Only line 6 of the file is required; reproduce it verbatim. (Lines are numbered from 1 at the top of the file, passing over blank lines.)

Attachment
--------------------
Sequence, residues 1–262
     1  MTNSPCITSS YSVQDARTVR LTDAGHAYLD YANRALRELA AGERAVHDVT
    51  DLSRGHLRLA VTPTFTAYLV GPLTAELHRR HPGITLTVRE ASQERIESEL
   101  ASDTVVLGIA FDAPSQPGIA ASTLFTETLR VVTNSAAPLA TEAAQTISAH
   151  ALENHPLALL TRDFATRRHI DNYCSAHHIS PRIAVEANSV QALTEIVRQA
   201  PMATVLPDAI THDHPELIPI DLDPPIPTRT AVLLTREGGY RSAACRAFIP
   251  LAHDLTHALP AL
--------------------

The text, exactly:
   201  PMATVLPDAI THDHPELIPI DLDPPIPTRT AVLLTREGGY RSAACRAFIP